Surprise them with original PR campaigns that can make your brand, business or event newsworthy. For example, CAA/Edelman just won Cannes Lions PR Grand Prix for a Chipotle’s campaign thanks to an unbranded short-form film, successful gamification and a pretty dedicated website  that preceded the press release. But don’t go too far as Ubisoft a few days ago…! ☺
Your reputation is on the line. Media outlets are asking for details. There’s nothing worse than a PR team that is absent and not responding to a crisis. Whatever the emergency, the only way to react on time is to be prepared: you should update media contact lists regularly; identify subject-matter experts willing to collaborate; prepare question-and-answer sheets and other supplementary materials for potential scenarios.
Also, don’t miss the newest trend in press release distribution: newsjacking! Write an attention grabbing news release that strongly references a breaking news story. The best results come when you put it in front of the media fast…
Build your journalist or blogger relationships before you need them. Take time to know their recent coverage and understand their niche before getting in touch. You need to show interest in the people you contact. Keep in mind their needs, their audience, and how you could support them in preparing their articles. A best-practice is to provide the html code for an image or a video, so that the blogger or journalist can easily publish them. You should also send plain text releases so that they can easily copy and paste. It depends on the media outlet and on the person entirely.
24 June 2014 13:31
The Pimms is poured, the strawberries served and the gates of Wimbledon are open! It’s tennis time everybody. In 24 hours, already the excitement is buzzing from the courts, we’ve found out the most talked about topics and have summed them up in our infographic. Check it out below!
18 June 2014 18:47
When it comes to communication professionals, Twitter is clearly ahead of the social networking industry. Its ability to facilitate networking with other users whilst publishing stories as they happen is second to none. On Twitter we can distribute news in seconds, and pick up relevant content in real-time.
The success of Twitter is no wonder when we consider that its CEO, Dick Costolo, also established a leading RSS feed manager called Feedburner, which was bought by Google. Using this expertise, Twitter is able to fine-tune its algorithm to tailor news according to its relevance and inform users of Tweets with a higher-than-average reach.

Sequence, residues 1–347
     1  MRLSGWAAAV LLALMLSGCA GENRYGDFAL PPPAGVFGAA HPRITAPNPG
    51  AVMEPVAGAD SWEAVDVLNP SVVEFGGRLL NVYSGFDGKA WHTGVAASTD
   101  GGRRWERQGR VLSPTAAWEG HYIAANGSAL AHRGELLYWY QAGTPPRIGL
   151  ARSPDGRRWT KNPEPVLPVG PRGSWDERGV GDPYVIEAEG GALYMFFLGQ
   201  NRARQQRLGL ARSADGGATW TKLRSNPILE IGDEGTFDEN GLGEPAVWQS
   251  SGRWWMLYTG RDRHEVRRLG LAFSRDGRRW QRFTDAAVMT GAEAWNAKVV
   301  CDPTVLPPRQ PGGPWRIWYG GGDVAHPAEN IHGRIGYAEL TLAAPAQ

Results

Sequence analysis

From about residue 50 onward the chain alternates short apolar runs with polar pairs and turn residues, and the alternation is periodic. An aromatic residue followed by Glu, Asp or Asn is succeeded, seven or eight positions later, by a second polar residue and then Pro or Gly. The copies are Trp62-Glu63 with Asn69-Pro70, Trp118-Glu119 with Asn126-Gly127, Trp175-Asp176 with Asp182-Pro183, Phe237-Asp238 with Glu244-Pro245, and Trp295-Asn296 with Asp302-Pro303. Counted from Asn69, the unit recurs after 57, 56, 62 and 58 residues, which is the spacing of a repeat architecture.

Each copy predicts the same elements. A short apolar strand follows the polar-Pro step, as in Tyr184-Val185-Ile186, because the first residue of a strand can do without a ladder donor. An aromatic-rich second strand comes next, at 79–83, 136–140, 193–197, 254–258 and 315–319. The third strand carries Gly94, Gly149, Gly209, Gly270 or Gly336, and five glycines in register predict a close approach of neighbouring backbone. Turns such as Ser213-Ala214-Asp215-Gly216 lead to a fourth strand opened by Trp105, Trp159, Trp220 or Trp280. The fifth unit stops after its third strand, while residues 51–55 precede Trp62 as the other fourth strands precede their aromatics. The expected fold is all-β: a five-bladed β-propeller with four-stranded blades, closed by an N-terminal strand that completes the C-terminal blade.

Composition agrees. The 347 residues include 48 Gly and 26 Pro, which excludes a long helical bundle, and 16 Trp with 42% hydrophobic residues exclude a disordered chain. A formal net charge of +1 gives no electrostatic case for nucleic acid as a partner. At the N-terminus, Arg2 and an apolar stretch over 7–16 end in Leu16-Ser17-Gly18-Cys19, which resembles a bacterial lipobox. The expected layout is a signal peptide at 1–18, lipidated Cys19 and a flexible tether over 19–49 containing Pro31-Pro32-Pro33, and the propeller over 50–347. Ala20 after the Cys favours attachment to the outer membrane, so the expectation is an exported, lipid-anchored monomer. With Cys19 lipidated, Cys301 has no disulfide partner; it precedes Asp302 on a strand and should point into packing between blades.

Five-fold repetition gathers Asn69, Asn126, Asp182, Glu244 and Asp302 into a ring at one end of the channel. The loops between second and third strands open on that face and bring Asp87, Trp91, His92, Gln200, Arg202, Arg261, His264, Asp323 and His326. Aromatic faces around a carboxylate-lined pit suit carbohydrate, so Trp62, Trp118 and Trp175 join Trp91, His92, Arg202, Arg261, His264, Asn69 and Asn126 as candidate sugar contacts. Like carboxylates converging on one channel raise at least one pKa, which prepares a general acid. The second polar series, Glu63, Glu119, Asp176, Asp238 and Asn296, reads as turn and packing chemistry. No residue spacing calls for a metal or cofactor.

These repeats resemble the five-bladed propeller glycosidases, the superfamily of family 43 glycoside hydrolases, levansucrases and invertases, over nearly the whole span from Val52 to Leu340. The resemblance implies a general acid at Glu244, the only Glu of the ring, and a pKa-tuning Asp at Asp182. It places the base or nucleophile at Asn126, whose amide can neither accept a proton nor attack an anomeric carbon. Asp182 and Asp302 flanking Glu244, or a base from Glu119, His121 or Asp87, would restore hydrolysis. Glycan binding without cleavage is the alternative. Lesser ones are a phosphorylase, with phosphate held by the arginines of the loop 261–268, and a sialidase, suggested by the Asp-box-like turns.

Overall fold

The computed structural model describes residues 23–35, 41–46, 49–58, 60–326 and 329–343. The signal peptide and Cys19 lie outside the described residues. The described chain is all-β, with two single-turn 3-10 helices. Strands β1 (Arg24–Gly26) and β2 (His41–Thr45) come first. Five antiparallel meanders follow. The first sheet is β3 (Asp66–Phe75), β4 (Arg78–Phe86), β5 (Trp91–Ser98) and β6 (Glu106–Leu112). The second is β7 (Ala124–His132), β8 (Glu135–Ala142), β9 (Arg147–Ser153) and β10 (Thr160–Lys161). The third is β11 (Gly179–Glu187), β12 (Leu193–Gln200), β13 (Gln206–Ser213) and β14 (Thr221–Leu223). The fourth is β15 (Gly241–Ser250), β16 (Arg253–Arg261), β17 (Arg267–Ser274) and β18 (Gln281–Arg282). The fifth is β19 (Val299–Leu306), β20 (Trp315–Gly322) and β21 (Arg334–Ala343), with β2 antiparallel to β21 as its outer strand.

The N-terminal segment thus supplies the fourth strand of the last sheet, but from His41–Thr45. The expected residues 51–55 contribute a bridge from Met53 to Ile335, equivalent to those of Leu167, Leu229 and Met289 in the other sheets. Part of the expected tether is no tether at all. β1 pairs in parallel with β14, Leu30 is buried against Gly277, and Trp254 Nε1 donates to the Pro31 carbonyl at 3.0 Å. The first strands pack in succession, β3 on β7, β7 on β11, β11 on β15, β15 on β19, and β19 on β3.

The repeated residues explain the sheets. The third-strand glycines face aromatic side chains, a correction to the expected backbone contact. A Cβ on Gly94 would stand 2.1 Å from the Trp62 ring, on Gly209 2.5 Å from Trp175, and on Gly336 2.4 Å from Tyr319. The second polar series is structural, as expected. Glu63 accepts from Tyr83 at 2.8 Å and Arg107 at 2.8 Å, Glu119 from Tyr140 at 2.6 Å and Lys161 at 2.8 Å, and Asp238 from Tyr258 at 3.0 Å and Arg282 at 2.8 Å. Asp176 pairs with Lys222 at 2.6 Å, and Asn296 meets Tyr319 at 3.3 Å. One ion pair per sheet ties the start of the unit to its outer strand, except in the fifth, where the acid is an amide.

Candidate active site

Twitter breaks barriers down between people, it allows for quick reactions, it gives power to PRs and fuels journalism. We’ve outlined the top 5 reasons that Twitter has become a staple communication tool for professionals – see our thoughts below…
03 June 2014 11:26
In the UK chapter of the European elections, it seems there are two types of votes: the physical elections (the one that actually counts!) where residents vote in our European government policies, and the social elections, where those interested in politics publicly gloat about their preferred political parties.
Some might imagine that results of the two votes would be the same, but having monitored Twitter troughout the elections, we’we found that what people say their beliefs are sometimes point to a different conclusion than the actual 2014 European Election results. Read on to find out know…
28 May 2014 16:54
In our data-driven age it’s a real challenge to show the true business value of public relations – that’s a given. While some PR specialists are still using controversial metrics, like Advertising Value Equivalent (AVE), others rely solely on metric counts: likes, tweets or followers without measuring true engagement and outcomes (take social share, website conversion or increase in sales for example). To top it all off, PR efforts are not always correctly acknowledged, and therefore rewarded, as it can take several campaigns before closing a sale.
Given these uncertainties, we are sometimes confronted with mistaken views of PR efforts. According to a recent study, 2 out of 3 companies believe that social media has limited impact on sales. In short, social media influence strategies would not result in real business opportunities…
Let’s put this misconception to rest with a few key facts all PR pro should know.